If the answer to one or more of these is extremely often, take an inventory of your symptoms and talk to your health care provider.

The pressures of everyday life are very real and should be managed in a healthy, safe and productive way. Here are a few strategies to help you cope:

Regular Exercise

By exercising 30 minutes a day, mental clarity, focus and well-being are enhanced. A good workout releases dopamine, serotonin and norepinephrine in the brain.

Eat Nutritious and Healthy Foods

A diet rich in whole grains, fresh fruits and vegetables is beneficial, and will give you energy and decrease cravings. Avoid overindulging in caffeine and sugary products.

Utilize Your Resources

If you are frazzled and overwhelmed, ask for help. Organize your day and be sure to include at least 15 minutes of “me-time”.

Practice Healthy Sleep Habits

Keep your techno gadgets out of your bedroom. Make your bedroom a place of rest and calm. Sleep deprivation leads to irritability, anxiety and depression.

Practice Healthy Coping Skills

Life can be stressful. Aim for balance by exercising, rewarding yourself with a positive attitude, and a good support system. Avoid using alcohol as a reward for a trying day.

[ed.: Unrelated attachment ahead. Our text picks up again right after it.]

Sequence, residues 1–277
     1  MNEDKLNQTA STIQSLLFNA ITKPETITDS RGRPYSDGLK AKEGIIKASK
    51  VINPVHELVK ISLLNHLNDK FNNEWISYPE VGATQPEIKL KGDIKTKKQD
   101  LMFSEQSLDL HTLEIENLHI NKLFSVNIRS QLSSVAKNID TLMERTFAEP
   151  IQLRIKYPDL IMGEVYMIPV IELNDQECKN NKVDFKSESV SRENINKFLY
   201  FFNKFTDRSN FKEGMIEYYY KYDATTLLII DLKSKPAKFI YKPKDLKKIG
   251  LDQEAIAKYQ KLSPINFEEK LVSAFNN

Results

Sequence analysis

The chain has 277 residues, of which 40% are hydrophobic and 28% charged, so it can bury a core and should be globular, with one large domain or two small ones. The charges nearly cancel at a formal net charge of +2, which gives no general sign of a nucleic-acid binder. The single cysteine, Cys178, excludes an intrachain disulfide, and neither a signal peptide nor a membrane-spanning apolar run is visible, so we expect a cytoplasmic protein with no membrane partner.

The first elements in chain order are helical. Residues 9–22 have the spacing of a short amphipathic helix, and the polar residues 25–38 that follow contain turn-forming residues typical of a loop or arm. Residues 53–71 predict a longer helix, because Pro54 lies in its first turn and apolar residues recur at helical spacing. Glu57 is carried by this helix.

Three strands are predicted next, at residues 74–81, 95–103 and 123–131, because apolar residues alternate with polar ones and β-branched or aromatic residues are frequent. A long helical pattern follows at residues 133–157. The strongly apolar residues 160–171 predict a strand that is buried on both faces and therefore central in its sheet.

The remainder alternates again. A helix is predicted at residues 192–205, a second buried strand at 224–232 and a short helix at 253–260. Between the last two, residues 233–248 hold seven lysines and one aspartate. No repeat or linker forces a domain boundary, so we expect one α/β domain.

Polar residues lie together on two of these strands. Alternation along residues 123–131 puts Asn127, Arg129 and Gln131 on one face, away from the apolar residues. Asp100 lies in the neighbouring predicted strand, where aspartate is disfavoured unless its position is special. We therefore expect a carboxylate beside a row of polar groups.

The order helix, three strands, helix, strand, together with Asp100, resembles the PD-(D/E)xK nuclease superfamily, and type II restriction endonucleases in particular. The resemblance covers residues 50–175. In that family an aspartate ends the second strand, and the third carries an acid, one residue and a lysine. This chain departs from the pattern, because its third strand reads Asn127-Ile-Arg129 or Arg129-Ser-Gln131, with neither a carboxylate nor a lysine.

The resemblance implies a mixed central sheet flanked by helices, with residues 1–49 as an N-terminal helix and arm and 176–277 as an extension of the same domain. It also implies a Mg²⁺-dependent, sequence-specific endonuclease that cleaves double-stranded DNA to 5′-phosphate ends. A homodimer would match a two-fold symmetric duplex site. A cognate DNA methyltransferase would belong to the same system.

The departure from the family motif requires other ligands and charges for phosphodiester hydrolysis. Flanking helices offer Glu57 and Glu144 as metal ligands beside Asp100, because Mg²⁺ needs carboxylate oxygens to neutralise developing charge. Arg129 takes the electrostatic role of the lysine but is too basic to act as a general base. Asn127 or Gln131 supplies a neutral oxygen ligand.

Maintain a Positive Attitude

Reframe difficult situations by reflecting on past experiences and a will to change. Be clear about what you want and take actionable steps to make it happen.

References

Prescription Drug Use, Risk Factors (MayoClinic.com)

Medco, Report, America’s State of Mind (2012)

NIDA, 2011

4 Steps to Shedding Your Pandemic Pounds

Forgive yourself, and start walking toward a healthier you.

For those of you who have put on the Pandemic Pounds or added several new COVID Curves, you are not alone. Alarmingly, the American Psychological Association has recently published that almost half of all adults in their survey now have a larger physique. In fact, 42% of people reported gaining roughly 15 pounds (the average published was surprisingly 29 pounds but that included outliers) over the past year. Interestingly, 20% of adults in this survey lost about 12 pounds (I am surely not in this group). Clearly, there is a relationship between stress and weight change. In addition, one in four adults disclosed an increase in alcohol consumption, and 67% of participants distressingly revealed that they have new sleeping patterns.

This past year has brought about what has been called the 'new normal.' Social isolation and inactivity due to quarantining and remote working have sadly contributed to the decline in many people's mental and physical health, as demonstrated by the widespread changes in people's weight, alcohol consumption, and sleeping patterns. Gym closures, frequent ordering of unhealthy takeout, and increased time at home cooking and devouring comfort foods have had a perceptible impact. In addition, many people have delayed routine medical care and screening tests over fear of contracting Covid-19 during these visits. Unfortunately, the 'new normal' has now placed too many people at risk for serious health consequences, including heart attacks and strokes.